This year marks the 50th anniversary of one of the seminal works of children's science fiction: Madeleine L'Engle's A Wrinkle in Time. There are many reasons that this book has remained on reading lists and childhood bookshelves for half a century; here are a handful that resonate for me.
|The original hardback cover from 1962.|
A Wrinkle in Time has a special place in the hearts of many readers because it was one of the first science fiction books they read as a child. That was true for me, and I'd hazard a guess that it's the same for many of you, too. It's the kind of book that opens readers' eyes to the possibility of vast new worlds, and they want to share it. Children pass it along to their friends and siblings. Those children then grow up to become parents, teachers and librarians, who make a point of putting Wrinkle into the hands of the next generation. I hope the cycle will continue for another 50 years.
2. Those Vast New Worlds
A Wrinkle In Time is a book full of Very Big Ideas. The immensity of the battle Meg, Calvin and Charles Wallace must fight seems overwhelming as they take on all-powerful evil with only the force of their goodness. Sure, good-versus-evil is a tale as old as time, but for many of the kids reading Wrinkle, it's their first exposure to that Voldemort-type malice.
But the big ideas don't stop there. You've got children traveling through the universe by folding the fabric of space and time. (Is it any wonder I grew up to be a Doctor Who fan?) You've got pit stops on fantastical otherwordly planets where the creatures don't have eyes. Meg expresses shock that the eyeless Aunt Beast doesn't know what she's missing because she doesn't understand the concept of sight. As an 11-year-old reading the book, this Blew. My. Mind. I mean, what if we're missing a sense that's rudimentary to another species but that we can't even begin to understand? What beyond sight, sound, touch, taste and hearing could there be? I can't even fathom it today, and L'Engle had me pondering it 20-some years ago.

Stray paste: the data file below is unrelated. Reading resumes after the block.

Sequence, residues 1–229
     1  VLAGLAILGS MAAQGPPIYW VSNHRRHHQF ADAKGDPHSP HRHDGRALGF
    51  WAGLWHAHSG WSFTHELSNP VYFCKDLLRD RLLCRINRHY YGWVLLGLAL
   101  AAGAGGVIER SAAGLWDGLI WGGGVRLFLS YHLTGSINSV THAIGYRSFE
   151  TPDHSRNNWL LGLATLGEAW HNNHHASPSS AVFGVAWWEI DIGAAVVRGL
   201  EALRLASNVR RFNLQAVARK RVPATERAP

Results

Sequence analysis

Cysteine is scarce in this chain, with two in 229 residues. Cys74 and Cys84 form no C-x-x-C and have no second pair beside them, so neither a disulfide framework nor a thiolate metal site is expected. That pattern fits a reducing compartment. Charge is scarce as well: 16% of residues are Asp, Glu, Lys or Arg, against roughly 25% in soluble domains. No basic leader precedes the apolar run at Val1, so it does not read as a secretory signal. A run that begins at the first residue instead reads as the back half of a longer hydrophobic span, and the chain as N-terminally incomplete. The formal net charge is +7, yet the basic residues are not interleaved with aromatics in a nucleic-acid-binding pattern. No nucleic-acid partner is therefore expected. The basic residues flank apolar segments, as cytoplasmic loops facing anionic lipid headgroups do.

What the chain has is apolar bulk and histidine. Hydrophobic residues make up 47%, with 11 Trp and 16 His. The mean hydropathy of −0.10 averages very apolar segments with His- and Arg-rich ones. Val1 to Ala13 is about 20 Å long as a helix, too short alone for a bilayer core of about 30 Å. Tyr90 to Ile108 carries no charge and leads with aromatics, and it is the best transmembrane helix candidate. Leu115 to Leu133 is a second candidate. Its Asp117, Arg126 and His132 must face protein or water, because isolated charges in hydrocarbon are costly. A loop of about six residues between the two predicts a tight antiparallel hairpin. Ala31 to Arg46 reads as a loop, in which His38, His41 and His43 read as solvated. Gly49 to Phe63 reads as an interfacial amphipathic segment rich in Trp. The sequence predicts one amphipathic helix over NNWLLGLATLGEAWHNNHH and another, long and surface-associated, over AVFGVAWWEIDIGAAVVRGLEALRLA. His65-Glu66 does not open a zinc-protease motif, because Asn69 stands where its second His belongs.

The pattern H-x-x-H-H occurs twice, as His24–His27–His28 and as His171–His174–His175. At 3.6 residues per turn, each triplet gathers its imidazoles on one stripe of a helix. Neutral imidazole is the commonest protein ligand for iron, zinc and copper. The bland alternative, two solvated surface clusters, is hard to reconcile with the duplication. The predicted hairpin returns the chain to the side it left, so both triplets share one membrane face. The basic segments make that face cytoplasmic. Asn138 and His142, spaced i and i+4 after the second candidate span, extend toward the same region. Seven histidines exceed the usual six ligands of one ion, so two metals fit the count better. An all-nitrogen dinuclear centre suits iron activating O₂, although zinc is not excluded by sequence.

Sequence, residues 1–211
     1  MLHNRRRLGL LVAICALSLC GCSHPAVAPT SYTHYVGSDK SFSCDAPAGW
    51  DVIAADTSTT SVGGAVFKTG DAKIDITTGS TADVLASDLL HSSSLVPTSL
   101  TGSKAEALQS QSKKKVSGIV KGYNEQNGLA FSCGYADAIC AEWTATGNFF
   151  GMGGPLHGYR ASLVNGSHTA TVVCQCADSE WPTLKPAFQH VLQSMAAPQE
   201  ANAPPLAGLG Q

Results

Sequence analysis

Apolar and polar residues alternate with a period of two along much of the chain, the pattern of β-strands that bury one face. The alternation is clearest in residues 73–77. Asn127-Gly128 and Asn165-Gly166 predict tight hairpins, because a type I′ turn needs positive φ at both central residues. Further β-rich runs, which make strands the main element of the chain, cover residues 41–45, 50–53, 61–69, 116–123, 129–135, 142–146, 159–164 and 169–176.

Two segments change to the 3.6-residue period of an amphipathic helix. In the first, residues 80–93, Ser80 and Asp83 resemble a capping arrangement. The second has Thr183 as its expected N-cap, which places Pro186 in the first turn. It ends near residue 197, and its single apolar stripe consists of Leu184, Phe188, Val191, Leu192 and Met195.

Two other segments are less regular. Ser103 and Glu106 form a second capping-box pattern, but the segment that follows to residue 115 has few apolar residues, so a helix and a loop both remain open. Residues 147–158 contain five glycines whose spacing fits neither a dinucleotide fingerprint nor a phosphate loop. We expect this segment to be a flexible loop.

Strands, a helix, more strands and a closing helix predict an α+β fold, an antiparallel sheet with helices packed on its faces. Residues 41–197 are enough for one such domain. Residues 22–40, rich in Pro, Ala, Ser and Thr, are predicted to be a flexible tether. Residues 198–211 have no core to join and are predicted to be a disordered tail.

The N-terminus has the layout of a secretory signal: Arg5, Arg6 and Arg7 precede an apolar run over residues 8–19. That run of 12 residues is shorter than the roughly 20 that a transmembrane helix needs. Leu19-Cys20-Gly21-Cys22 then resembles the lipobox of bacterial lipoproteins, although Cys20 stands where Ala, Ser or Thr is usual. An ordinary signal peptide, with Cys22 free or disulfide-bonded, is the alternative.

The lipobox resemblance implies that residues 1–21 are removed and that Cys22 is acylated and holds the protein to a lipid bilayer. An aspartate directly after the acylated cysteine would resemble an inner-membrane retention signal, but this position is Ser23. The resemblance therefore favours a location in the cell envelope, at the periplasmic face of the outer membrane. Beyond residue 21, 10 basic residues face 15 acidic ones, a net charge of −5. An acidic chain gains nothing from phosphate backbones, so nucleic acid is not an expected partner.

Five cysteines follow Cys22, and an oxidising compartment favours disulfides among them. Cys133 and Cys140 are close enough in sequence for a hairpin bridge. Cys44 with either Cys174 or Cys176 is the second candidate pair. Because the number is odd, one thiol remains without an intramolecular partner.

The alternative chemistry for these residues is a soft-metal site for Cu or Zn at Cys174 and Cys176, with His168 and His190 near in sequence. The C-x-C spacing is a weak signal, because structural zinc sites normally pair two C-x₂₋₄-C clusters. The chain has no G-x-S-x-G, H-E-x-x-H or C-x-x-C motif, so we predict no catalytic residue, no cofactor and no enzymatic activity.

3. That Heroine
|The '80s-tastic cover Sara owned.|
4. The Books That Followed
A Wrinkle in Time is the first in a series of books that L'Engle wrote to tell the tales of the Wallace family. Each book has its own big ideas that are thought-provoking and immersive, sweeping young readers away to exotic lands and new adventures. It's a lucky boy or girl who falls in love with Wrinkle and goes on to read A Wind in the Door, A Swiftly Tilting Planet, A Ring of Endless Light and all the others.
Sure, you can quibble with the book on a couple of points. I reread it as an adult and was surprised at how obvious the "Communism is bad, mmmkay?" conclusion feels to the grown-up reader. Other critics are uncomfortable with the religious overtones in the book. Still, the broader themes of love and light triumphing over conformity and darkness, placed in a novel with such wildly imaginative characters and settings, make it a book worth reading and sharing well into the 21st century.
For more on A Wrinkle in Time's 50th anniversary, you can read NPR's story on the struggle to get it published, Publisher Weekly's reporting on the panel honoring the book, and A Reading Odyssey's rundown of the different covers that have graced the book over the years. And if you haven't read the children's book When You Reach Me by Rebecca Stead, which is hugely inspired by Wrinkle, I urge you to pick it up immediately. It's a children's book, but it's a satisfying mind-bender.
Was A Wrinkle in Time one of your beloved childhood books, or did you gravitate to other novels when you were young?